This is an easy tart to utilize all those summer vegetables. If you have a small eggplant, that would be a nice addition in the roasted vegetable mixture. A balsamic reduction would be excellent drizzled over the finished tart.
Summer Vegetable Tart
1 sheet puff pastry dough, defrosted
1 large sweet onion, sliced into rings
1 red bell pepper, cored and cut into strips (or rings)
1 large zucchini, ends removed and sliced
8 ounce package mushrooms (I used Baby Bellas), cleaned and sliced
2 ounces goat cheese, crumbled
1 tablespoon capers
handful fresh basil leaves, torn
salt and black pepper
Preheat the oven to 400º F.
Line a baking sheet with parchment paper. Place the sliced onion, red bell pepper, zucchini, and mushrooms on the baking sheet. Drizzle with olive oil and season with salt and pepper. Roast in the oven for 10 – 15 minutes until the vegetables are softened. Remove from the oven and let cool slightly.
Line the baking sheet with a fresh sheet of parchment paper. Unfold the puff pastry on a lightly floured surface. Using a rolling pin, gently roll out the puff pastry into a rectangle (try not to get it too thin). Place the puff pastry on the lined baking sheet.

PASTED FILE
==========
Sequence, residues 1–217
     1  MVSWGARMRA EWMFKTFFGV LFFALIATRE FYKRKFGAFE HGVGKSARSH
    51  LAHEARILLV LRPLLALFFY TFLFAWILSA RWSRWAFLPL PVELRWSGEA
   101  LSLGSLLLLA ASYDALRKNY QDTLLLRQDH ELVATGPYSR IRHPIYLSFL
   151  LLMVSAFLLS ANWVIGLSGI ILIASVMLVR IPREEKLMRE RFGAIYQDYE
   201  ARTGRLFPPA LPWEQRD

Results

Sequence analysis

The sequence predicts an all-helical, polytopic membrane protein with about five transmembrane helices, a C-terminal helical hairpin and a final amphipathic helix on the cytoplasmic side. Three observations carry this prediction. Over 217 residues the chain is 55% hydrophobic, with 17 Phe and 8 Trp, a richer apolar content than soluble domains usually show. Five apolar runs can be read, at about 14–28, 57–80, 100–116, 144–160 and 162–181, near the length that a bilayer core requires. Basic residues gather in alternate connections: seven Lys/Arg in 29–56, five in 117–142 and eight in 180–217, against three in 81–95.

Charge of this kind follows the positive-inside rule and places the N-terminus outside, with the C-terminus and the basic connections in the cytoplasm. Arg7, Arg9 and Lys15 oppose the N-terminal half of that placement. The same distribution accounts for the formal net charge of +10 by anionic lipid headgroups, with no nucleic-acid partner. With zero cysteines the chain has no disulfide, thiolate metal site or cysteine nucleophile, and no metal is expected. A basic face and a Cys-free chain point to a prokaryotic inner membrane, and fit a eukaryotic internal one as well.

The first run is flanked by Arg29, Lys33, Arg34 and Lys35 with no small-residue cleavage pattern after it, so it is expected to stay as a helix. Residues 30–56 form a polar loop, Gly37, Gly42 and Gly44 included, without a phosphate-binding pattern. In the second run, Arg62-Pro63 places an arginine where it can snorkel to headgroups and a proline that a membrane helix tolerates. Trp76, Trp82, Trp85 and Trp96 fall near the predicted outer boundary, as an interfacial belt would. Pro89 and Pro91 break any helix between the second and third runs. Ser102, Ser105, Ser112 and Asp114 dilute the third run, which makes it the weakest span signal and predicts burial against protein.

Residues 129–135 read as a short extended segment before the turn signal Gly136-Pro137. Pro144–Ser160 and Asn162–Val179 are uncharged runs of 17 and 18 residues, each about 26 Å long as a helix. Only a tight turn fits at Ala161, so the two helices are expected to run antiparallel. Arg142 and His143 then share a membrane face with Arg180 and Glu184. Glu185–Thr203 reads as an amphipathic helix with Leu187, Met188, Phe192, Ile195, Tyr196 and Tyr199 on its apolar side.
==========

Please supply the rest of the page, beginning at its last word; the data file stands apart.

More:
Place the roasted vegetables on the puff pastry, leaving a border. Sprinkle the crumbled goat cheese, capers, and torn basil over the roasted vegetables. Drizzle the tart with olive oil and sprinkle with salt and pepper.
Bake for 20 – 25 minutes until the crust is golden. Serve warm.
I stopped at a Hispanic market Friday night and bought a bag of minature tomatillos (Tomatillo Milpero) and some beautiful serranos. The Tomatillo Milpero were so cute. There was no noticeable taste difference compared to regular tomatillos.
I do like to cook in the crockpot in the summer to avoid heating up the kitchen. I based this recipe on my favorite Salsa Verde recipe. It’s great served with Cilantro Lime Rice and black beans.
I made enchiladas with the leftover chicken and sauce. They were fantastic too. To make the enchiladas: Spread a little of the leftover tomatillos sauce in the both of a baking dish. Shred the chicken and mix it with shredded cheese and a little of the tomatillo sauce. Divide the mixture between 8 warmed corn tortillas and place them in the baking dish. Cover the enchiladas with the remaining tomatillo sauce and bake in a 350º oven for 15 – 20 minutes, or until bubbly and hot. You can sprinkle some shredded cheese on top the last 5 minutes or so of baking, if you would like.